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Ben Wallace spoke about his depression after retiring from the NBA

Ben Wallace was a defensive juggernaut and ended up winning four Defensive Player of the Year awards alongside an NBA championship in 2004 with the Detroit Pistons.

Wallace has stayed in close contact with his Pistons teammates.

“I just talked to ’Sheed [Rasheed Wallace], Chauncey [Billups], ‘Rip’ [Richard Hamilton] and Tayshaun [Prince] just a few days ago,” Wallace said. “We’re all on a group chat. We’re still ‘B5’ — the best 5 alive. Those are my brothers.”

Despite having a successful career Ben Wallace suffered through depression following his retirement from the NBA in 2012. Wallace said he was depressed for a couple of years after his retirement.

Wallace who is now 44-years-old, says he was depressed for a couple of years after walking away from the game.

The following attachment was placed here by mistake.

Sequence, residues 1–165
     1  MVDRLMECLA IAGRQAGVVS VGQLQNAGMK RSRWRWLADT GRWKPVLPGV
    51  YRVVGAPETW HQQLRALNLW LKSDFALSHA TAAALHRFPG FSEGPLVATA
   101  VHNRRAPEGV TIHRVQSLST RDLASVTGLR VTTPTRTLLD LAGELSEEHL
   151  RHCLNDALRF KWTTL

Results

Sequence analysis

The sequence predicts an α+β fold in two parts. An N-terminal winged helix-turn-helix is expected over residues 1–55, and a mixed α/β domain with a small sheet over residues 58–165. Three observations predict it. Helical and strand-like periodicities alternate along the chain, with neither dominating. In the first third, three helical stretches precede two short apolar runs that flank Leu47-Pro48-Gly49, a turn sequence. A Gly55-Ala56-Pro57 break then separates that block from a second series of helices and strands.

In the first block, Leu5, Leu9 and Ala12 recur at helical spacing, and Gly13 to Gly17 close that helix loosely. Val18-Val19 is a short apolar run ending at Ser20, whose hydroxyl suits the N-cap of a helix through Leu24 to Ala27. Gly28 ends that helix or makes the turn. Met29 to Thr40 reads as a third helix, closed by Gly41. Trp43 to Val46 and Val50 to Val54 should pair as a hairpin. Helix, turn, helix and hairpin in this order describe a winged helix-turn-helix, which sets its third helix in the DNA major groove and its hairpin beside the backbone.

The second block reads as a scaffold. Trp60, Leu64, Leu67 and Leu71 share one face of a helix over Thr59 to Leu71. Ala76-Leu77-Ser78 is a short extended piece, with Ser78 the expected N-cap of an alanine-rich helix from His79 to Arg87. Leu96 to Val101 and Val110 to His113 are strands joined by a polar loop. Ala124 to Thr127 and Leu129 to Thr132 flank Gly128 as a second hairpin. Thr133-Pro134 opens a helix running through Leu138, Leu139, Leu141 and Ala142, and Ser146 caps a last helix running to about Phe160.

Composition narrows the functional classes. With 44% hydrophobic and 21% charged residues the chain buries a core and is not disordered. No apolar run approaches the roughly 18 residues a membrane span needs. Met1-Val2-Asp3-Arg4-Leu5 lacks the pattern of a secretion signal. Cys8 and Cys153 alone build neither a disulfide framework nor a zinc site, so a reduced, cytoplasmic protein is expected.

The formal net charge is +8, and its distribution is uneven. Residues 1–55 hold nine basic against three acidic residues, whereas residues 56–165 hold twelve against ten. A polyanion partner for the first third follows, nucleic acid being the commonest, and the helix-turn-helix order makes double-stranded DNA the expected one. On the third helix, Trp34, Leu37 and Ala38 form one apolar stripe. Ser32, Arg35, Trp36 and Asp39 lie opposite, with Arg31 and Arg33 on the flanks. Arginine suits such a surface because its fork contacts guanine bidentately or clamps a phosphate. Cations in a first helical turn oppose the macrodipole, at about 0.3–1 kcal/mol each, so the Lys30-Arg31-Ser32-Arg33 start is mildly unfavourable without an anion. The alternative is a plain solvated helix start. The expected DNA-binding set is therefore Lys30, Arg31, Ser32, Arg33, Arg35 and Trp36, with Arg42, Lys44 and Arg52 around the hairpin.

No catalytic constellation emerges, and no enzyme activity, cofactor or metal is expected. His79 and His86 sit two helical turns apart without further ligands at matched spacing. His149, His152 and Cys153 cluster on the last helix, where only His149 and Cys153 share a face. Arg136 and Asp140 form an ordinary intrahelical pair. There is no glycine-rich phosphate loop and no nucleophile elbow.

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Big Ben eventually regained his confidence and is heavily involved in Grand Rapid Drive NBA G League team affiliated with the Detroit Pistons.

In an interview for The Undefeated Wallace explains his life situation that followed right after his retirement.

"Basketball is sort of mind-controlling,” said Wallace. “It takes you on a journey of extreme highs and extreme lows. It almost makes you need it. One day I can go out and get 20 rebounds and tomorrow I can come out and get seven or eight. Now, you’re sort of waiting for the next time to prove yourself. When you retire, you start feeling left out, no one’s really checking on you, you ain’t getting no phone calls that you used to get. Then you start to get low, but there’s no game tomorrow to lift you up, so you just keep sinking and sinking.”

A lot of people told Wallace to call if he ever needed anything, so he picked up the phone and his first call was Dallas Mavericks coach Rick Carlisle.

“That was a major call for me because he’s one of those guys I played for and he knew me,” said Wallace. “He picked up the phone and he knew exactly what I needed at the time. He gave me a list of the people I need to call and get in contact with. Two years ago, I called Mike Woodson, Doc Rivers, and they all were helpful and pointed me in the right direction.”

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